Montgomery launches high-tech, data-driven initiative to Pinpoint Abandoned Properties
“This is another innovative opportunity to leverage technology to better serve our residents and impact overall quality of life in our community,” Montgomery Mayor Todd Strange said. “Like many of the tools and tactics in our Smart City strategy, this initiative will ensure we preserve finite resources while saving taxpayers’ dollars.”
City leaders unveiled BuildingBlocks during last week’s City Council Work Session. The program analyzes and integrates streams of data across multiple departments and sources into a single, comprehensive database identifying issues, like vacant and abandoned buildings. BuildingBlocks will complement City staff’s ongoing abatement efforts by maintaining geocoded reports that target issues related to blighted properties, include those with telltale warning signs of vacancy that may not yet be physically blighted. The City can then use this data to maintain a registry of vacant properties and prioritize those in need of attention, ease the strain on budgetary and personnel limitations and successfully abate more issues to potentially reinvigorate entire neighborhood blocks.
BuildingBlocks’ user-friendly interface consists of an interactive map depicting all of Montgomery’s 83,244 properties. Users can search, sort or filter properties based on the system’s data repository that ranges from owner information, active utility accounts, prior code violations, building permits, business licenses, nearby police or fire incidents and more. The program can match related ownership records and even suggest corporations that might be linked by common ownership. These features eliminate the need to identify the properties strictly through field investigation or complaint which often takes weeks of staff time to complete. Now, suspected blighted properties can be found more proactively, allowing the City to more quickly formulate strategies to hold owners accountable.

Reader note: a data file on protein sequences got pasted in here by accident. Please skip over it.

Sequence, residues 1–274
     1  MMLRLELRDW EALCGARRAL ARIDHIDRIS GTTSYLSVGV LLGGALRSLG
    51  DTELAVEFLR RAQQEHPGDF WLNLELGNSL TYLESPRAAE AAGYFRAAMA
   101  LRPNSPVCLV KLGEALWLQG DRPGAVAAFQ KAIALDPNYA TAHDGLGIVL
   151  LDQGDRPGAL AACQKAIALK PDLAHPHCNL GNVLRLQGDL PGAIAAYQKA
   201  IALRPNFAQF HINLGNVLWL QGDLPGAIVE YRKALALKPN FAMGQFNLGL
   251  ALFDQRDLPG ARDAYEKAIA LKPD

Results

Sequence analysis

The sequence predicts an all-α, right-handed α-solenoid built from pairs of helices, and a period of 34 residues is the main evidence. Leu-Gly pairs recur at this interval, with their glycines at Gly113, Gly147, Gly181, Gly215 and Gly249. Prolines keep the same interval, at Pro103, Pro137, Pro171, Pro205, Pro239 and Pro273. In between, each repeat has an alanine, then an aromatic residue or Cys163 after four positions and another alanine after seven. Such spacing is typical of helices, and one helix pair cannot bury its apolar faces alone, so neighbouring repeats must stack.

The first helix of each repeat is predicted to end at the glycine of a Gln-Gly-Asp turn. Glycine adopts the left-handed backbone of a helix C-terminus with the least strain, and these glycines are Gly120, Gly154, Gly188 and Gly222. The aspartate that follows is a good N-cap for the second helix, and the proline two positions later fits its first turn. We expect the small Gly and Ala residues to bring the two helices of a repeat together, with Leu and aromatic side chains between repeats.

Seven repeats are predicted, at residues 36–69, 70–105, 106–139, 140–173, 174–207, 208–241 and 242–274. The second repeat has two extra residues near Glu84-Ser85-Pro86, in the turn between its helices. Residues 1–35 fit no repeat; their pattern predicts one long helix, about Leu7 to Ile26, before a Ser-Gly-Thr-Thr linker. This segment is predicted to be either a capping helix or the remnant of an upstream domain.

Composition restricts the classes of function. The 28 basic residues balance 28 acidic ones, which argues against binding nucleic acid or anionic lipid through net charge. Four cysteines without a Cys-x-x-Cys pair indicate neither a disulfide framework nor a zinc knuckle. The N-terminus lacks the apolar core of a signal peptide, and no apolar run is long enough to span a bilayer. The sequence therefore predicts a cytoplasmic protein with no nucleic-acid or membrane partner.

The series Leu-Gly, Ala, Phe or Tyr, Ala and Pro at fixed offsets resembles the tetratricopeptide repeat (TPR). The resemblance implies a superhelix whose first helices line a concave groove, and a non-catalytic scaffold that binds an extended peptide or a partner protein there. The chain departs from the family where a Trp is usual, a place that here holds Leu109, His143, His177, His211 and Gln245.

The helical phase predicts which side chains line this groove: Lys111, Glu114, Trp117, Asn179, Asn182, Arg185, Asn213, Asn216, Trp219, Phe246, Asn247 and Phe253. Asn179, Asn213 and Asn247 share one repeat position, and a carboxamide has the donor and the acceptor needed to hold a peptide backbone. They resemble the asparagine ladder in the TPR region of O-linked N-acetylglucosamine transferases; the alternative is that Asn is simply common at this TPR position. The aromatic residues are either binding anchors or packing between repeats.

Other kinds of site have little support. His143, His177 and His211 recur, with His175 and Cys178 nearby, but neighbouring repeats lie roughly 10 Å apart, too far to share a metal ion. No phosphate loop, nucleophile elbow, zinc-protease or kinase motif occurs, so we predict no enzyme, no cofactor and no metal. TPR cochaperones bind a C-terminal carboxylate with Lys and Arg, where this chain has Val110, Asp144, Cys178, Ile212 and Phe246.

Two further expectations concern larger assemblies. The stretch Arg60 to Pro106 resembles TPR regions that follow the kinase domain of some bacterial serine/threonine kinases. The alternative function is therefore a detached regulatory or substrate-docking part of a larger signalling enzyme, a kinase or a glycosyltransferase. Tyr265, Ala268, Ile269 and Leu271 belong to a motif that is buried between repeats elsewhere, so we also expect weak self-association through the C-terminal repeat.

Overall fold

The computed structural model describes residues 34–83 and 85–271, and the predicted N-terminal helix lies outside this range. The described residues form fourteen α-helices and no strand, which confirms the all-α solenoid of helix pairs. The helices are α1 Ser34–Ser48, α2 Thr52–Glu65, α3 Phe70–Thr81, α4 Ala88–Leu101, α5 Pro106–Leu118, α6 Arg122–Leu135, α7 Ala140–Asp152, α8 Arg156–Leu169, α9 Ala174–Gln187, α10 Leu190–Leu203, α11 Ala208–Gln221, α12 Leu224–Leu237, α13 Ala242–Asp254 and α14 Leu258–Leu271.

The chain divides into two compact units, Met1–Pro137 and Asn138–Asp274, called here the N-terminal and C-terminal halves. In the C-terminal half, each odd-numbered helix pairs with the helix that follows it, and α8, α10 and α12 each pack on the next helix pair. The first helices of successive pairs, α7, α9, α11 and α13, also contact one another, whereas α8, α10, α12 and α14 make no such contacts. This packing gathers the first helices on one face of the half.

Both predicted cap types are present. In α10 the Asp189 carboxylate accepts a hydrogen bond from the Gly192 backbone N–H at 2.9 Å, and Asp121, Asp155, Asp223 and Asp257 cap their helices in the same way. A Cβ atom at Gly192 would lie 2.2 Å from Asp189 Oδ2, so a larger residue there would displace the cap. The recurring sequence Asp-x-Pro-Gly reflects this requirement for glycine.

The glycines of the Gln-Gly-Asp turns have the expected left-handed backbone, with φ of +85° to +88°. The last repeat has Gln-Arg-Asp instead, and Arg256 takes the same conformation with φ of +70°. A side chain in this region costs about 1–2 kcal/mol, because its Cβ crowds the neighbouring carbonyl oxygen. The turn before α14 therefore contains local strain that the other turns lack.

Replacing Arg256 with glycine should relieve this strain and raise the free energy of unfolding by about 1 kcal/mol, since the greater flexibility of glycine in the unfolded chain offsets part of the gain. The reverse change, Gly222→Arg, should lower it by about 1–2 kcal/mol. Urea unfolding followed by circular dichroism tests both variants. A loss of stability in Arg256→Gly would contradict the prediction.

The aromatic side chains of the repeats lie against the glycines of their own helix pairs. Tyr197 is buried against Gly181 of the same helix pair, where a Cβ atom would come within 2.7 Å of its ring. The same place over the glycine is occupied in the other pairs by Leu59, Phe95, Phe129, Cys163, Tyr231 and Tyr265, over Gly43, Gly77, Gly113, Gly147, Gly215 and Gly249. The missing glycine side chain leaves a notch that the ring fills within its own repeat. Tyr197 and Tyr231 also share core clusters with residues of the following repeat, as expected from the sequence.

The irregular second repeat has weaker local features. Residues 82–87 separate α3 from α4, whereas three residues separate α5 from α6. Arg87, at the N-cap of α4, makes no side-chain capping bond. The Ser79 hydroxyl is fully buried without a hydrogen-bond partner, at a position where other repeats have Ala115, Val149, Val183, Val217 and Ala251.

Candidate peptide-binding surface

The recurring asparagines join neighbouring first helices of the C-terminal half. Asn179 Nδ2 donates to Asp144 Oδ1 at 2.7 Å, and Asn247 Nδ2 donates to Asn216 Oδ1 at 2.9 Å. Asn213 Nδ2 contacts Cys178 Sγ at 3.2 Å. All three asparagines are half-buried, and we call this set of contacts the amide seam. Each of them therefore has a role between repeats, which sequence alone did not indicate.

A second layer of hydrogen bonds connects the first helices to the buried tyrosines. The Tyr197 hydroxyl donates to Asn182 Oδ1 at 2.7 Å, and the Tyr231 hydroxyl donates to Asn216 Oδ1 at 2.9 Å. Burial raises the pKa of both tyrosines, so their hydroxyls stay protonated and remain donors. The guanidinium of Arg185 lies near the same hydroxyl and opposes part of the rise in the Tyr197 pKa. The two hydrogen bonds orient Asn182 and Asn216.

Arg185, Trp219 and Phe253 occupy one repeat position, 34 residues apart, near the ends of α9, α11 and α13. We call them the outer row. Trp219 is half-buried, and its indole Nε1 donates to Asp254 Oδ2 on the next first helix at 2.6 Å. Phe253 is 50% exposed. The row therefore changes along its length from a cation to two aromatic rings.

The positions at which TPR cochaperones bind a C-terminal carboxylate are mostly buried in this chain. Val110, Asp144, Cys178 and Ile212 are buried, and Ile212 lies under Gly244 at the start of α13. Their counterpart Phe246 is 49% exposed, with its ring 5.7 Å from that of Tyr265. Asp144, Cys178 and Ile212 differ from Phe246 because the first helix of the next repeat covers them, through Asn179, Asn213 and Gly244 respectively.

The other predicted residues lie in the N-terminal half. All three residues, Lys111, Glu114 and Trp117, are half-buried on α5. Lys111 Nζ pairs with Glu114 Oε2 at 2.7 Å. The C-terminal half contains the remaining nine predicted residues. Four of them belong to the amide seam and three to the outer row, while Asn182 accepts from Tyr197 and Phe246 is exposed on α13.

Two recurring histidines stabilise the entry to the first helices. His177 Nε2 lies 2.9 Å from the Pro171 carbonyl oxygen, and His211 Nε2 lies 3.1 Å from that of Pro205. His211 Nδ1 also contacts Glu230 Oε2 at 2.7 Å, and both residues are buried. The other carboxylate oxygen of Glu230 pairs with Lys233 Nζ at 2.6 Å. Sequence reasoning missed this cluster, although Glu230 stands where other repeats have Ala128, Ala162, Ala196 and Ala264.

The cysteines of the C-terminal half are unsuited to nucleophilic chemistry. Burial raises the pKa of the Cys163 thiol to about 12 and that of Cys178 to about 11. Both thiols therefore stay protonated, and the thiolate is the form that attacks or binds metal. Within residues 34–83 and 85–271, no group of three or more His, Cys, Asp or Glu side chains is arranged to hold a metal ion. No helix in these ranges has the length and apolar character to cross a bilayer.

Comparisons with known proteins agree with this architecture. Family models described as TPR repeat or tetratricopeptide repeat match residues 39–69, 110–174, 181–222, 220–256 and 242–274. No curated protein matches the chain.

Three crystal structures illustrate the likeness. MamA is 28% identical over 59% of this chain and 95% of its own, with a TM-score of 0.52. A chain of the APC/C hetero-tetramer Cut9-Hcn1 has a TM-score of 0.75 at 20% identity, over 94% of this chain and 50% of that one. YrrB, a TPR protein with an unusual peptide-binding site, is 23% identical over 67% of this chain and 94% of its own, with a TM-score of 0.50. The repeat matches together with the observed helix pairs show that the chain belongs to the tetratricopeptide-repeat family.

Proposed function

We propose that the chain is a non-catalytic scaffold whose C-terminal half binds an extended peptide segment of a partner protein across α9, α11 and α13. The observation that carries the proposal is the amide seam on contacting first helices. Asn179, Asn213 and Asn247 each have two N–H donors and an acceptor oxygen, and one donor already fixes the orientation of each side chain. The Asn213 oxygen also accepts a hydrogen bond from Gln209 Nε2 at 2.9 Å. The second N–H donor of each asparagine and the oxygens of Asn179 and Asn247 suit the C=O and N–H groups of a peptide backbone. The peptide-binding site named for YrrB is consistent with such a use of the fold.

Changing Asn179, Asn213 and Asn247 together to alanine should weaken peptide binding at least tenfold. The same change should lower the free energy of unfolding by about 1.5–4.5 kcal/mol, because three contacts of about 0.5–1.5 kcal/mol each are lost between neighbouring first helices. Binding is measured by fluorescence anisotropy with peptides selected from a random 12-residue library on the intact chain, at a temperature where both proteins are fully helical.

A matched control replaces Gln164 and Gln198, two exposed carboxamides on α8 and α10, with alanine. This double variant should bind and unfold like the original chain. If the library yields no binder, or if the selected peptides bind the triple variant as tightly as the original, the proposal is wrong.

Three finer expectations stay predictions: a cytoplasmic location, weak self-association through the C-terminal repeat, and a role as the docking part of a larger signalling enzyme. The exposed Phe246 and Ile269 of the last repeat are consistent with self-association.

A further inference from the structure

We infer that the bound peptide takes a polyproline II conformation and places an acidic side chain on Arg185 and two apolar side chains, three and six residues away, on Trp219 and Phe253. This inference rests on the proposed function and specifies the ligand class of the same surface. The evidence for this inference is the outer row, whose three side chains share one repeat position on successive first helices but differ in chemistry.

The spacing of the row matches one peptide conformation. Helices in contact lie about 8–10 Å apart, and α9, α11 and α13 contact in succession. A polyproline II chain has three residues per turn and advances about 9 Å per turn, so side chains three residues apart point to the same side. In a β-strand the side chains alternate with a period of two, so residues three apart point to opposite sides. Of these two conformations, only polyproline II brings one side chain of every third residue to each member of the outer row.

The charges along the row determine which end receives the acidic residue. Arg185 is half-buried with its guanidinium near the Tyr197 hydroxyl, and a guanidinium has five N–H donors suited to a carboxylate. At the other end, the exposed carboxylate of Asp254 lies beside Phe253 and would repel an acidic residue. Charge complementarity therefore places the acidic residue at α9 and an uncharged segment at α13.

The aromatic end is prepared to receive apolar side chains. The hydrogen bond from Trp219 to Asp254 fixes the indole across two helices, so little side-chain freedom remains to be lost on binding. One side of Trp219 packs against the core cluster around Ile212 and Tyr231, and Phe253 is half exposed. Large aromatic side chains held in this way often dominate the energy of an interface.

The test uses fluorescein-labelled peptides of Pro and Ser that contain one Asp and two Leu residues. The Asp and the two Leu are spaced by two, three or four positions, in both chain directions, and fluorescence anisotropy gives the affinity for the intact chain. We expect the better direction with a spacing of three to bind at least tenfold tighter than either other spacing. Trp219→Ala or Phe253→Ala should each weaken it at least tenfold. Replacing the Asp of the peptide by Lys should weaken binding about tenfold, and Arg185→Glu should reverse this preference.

“Montgomery has been tabbed as a Smart City,” Montgomery City Services Director Chris Conway said. “To be ‘smart’ you need information – or intelligence – but you also need to apply this intelligence to craft practical solutions that yield resident-driven results. That’s what we have achieved with this and a range of other technological tools launched this year.”
Conway’s team identified approximately 2,000 likely vacant properties through the program by overlaying a filter of conditions associated with vacancy, like utility shut-offs in non-owner occupied residential homes. Public Works is the first department to pilot the program, but more departments are training now since it has the capacity to supplement a range of day-to-day functions.
BuildingBlocks is a product of Tolemi, a civic technology company partnering with local governments nationwide to enable data-driven policy and operations. Montgomery joins a growing number of cities throughout the Southeast using BuildingBlocks to strengthen neighborhoods and curb blight.
“We’re proud to partner with so many innovative communities in the region like Baton Rouge, Jackson, and Savannah,” remarked CEO Andrew Kieve. “Montgomery really exemplifies how the smart city transformation goes beyond broadband and street lights—it can also revitalize blocks and improve the lives of citizens in the most disinvested communities.”
For more on the City of Montgomery and its Smart City initiatives, visit montgomeryal.gov. For more on how Tolemi is helping cities turn data into action, visit www.tolemi.com. Watch the demo: https://www.youtube.com/watch?v=xkzyNVgArzQ.